Great customer experience formula

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great customer experience

A happy customer. Flickr image by fczuardi

Let me start with a disclaimer – that’s not me above. :)

But today’s article is a real life example of a formula for great customer experience. Not sure if this formula has been documented and validated by any marketing professor. If not, I sure would like to claim it.

Anyway the formula goes like this…

Great Customer Service = Great Customer Satisfaction = Great Customer Experience

Ok, doesn’t look much like a fancy formula and I’m sure you’re thinking everybody knows that.

But have you wondered why everybody can’t give a great customer experience?

How many times have you gone to a shop and come out hopping mad because the sales person insulted you or thought you were living under a rock?

Anyway I digress.

Yesterday, I went to an Apple reseller.

I went looking for a screen protector for my iPad, which I’ve had since May last year.

I refused to get a screen protector when I first bought it because I felt that the protector will interfere with my touch screen experience.

Boy was I wrong when I found out that my stylus left rubber marks and my finger left finger prints. So I decided to take the plunge and went to the reseller looking for a good protector.

They had 2 types and both had the same price. I asked him what was the difference and he said one was anti-glare and the other had a matt finish.

I was irritated by this answer because for me it meant the same thing and it said so on the respective packages. Next I asked him where each were made and he said he didn’t know. My irritation went up by 2 notches.

Since I was desperate for a screen protector, I selected one. Guess which one?

When all things are equal, price determines the choice, right. Only problem was in this instance the price of both were the same. I took the brand that offered a free microfibre cloth to clean the iPad screen.

The lesson of my experience was that if you offer something of value to your customer, you will trump the competitor who matches your price.

Now, if the one I bought was $1 or even $2 more, would I have bought it? Absolutely. Why?

Because I would need to clean the surface before installing the protector. And the best cloth to use is a microfibre cloth that will capture all the dust particles and remove smudges effectively compared to a cotton cloth.

For me this was a great customer experience because the brand I bought gave me a great service although the sales person didn’t.

As I was paying for the stuff, the sale person told me to bring in my iPad if it had bubbles underneath the protector, after I installed it (my impression of their service went up 1 notch).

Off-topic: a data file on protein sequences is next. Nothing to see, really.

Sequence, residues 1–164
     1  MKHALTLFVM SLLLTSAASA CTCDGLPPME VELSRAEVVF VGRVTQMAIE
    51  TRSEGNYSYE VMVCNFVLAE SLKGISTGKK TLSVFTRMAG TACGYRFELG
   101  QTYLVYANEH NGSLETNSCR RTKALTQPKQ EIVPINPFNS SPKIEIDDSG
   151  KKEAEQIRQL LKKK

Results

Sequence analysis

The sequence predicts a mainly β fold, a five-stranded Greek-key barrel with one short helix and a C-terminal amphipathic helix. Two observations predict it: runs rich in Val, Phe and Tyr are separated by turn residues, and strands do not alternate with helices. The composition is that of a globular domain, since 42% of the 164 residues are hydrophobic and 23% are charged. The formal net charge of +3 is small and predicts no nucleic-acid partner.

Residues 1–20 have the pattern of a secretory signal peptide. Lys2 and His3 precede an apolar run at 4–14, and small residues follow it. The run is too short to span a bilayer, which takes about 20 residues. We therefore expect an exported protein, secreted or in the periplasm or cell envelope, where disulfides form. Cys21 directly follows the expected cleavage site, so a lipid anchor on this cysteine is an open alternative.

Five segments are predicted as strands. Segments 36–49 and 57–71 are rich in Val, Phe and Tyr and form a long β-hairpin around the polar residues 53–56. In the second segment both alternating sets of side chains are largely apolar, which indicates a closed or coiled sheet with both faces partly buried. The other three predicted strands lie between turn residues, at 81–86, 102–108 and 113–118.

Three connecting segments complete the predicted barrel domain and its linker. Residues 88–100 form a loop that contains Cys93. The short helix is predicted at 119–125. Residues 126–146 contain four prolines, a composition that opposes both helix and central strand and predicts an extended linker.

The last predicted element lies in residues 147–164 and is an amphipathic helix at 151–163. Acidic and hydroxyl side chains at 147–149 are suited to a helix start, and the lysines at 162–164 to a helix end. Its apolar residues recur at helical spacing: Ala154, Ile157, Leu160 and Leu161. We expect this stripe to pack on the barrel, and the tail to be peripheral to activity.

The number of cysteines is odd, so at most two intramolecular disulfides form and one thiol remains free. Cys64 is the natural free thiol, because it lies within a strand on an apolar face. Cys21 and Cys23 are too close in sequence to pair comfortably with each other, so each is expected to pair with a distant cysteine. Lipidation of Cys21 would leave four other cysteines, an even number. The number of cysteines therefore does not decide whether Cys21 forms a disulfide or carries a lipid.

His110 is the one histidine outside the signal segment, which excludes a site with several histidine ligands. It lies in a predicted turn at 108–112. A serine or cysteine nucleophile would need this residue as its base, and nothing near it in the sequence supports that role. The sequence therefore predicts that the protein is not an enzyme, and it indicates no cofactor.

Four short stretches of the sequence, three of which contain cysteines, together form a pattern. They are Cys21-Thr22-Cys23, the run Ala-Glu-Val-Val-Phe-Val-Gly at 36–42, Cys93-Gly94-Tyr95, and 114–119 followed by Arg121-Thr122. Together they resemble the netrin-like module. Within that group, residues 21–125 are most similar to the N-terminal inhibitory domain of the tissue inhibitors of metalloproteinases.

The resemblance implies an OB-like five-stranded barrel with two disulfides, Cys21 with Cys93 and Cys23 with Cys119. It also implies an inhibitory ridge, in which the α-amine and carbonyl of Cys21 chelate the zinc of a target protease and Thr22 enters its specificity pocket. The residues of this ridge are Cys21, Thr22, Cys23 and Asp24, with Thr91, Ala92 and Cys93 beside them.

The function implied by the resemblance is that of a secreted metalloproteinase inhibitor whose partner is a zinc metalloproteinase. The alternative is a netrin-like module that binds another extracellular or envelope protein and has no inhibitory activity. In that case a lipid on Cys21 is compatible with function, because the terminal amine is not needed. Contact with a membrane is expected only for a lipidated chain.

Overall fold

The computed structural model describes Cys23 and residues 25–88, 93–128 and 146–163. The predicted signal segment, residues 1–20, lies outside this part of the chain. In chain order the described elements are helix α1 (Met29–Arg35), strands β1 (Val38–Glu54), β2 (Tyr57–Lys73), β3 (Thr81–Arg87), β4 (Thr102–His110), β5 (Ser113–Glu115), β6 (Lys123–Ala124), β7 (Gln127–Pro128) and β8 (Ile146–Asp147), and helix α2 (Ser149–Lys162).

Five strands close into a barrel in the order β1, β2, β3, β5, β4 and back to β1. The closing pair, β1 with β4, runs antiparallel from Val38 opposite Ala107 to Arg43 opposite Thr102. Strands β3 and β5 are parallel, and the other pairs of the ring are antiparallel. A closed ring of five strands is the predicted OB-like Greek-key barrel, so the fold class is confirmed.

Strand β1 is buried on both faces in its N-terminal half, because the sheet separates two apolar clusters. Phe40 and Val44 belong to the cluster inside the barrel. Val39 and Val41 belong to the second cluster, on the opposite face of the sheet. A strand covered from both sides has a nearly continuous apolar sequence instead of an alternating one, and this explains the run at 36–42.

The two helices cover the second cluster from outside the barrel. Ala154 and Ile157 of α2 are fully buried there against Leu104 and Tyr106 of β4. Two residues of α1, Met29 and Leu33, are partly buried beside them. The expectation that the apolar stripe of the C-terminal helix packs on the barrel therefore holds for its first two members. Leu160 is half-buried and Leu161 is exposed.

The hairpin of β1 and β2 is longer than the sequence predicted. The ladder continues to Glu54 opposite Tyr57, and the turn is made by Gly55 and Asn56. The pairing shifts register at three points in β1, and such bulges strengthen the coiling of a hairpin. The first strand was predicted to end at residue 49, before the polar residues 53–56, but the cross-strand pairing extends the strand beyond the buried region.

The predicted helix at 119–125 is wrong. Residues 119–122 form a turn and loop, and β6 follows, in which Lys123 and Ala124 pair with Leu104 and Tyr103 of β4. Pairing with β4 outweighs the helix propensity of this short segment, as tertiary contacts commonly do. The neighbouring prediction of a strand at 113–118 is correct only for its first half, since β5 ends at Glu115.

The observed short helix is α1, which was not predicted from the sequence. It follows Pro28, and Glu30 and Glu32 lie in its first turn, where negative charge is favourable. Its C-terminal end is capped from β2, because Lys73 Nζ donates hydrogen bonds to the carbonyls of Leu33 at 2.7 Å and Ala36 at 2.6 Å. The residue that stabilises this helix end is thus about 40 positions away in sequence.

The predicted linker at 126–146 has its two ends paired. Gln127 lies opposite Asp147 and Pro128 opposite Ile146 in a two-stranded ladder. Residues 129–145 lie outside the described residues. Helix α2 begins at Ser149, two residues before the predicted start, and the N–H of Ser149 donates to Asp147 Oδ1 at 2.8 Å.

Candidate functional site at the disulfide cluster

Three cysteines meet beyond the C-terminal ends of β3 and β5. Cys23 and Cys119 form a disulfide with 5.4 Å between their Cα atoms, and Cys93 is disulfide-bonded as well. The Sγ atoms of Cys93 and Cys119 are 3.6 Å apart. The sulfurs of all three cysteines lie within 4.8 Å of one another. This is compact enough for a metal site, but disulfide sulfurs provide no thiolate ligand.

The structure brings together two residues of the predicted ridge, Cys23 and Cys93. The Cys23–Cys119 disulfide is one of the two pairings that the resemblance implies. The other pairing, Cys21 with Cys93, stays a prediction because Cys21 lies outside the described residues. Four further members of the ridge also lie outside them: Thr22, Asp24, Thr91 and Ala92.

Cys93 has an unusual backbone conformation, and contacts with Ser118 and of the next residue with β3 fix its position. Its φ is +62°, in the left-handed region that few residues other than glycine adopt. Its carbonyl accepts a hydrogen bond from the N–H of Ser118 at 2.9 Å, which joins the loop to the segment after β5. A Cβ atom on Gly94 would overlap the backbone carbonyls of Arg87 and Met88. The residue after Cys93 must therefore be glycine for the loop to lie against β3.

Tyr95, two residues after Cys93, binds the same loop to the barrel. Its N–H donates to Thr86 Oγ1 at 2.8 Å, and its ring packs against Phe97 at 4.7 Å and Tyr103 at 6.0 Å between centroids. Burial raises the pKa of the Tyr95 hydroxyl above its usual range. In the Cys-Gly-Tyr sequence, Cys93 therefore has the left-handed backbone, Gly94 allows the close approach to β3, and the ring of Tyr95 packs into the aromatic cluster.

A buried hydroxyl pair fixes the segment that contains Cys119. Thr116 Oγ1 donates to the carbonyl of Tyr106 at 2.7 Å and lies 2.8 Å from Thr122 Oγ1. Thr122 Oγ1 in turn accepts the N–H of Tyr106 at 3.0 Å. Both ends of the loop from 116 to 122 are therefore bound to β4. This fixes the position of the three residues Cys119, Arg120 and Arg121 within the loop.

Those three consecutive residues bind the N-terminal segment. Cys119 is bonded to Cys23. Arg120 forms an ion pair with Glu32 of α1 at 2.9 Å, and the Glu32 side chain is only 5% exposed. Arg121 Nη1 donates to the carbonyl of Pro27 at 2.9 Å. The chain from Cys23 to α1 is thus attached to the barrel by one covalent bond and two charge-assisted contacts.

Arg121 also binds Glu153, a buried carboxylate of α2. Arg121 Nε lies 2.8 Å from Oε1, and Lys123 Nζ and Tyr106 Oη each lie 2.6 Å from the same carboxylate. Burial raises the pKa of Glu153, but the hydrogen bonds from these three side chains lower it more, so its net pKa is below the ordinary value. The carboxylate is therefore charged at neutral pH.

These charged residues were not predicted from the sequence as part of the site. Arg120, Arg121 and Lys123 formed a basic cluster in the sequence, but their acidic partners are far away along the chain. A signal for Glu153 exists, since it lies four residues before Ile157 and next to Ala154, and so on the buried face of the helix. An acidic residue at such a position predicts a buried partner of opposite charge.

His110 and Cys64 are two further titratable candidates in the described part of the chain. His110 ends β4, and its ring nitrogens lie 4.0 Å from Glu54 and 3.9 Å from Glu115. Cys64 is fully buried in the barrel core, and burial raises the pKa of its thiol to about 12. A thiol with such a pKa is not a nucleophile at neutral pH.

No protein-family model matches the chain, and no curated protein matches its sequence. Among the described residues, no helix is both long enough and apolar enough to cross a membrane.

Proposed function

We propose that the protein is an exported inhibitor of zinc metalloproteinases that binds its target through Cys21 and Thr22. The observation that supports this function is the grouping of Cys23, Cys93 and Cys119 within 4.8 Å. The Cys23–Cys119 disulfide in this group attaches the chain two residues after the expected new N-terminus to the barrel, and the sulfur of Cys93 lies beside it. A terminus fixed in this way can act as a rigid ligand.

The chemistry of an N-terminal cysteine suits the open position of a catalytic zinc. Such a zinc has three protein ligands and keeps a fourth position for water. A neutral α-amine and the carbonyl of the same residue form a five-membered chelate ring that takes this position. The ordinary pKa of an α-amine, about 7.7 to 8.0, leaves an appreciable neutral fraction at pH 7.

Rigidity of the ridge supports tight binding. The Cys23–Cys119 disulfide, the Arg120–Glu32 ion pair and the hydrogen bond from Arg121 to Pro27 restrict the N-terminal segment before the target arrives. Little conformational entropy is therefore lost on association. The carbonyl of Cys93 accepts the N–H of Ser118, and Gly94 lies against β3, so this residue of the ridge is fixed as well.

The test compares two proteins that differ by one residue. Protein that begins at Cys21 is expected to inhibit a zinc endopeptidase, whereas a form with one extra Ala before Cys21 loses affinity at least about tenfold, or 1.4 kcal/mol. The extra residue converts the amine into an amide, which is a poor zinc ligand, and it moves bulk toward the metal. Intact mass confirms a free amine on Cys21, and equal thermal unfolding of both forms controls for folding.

Although I’m 50, I’m quite IT savvy and was confident it wouldn’t happen with me. So I told him it looked easy and I wouldn’t have a problem.

Then he said some people had the problem and reminded me to bring my tablet in, if I wanted to. I was pleased I had a backup, just in case.

As he was totaling up the bill, we started chatting about the iPad and he said the iPad 4 was already launched.

This was a shock for me as I didn’t read about it anywhere. He then showed me the iPad 4 and the iPad 2.

I asked what happened to the iPad 3 and he said it was discontinued because of a problem with the battery taking a long time to recharge and I said I noticed that only recently.

I asked if Apple was going to replace the battery for the iPad 3 owners and he said no and I was upset (my irritation meter went up 3 notches) as I felt cheated.

Then this guy tells me that the easiest way to solve this problem was to make sure I recharged the battery when it reaches 5%. He said if it reaches zero, it will take a day to recharge. Immediately, my satisfaction meter kicked in and I left a happy man.

The take away from this is that a customer will always go through peaks and troughs during a buying experience and the most important moment is the end.

And this has been backed by Robert Cialdini in his seminal work, Influence: The Psychology of Persuasion (Collins Business Essentials)

Second lesson is that these peaks and troughs are emotions that a customer goes through and therefore every buying experience is an emotional decision.

Coincidently, after I bought the stuf I stumbled on this article - The Science Behind Why Every Buy Is an Emotional Buy.

My friend, Maal, who runs a retail business, refers to these as Moments of Truth.

The moments when you either piss off your customers or mesmerize them. All those moments in my experience above where I said, I was irritated or elated are examples of these moments of truths.

And yet another lesson is what I read in another article and experienced it yesterday too. That article advises to...

...listen to them.

 

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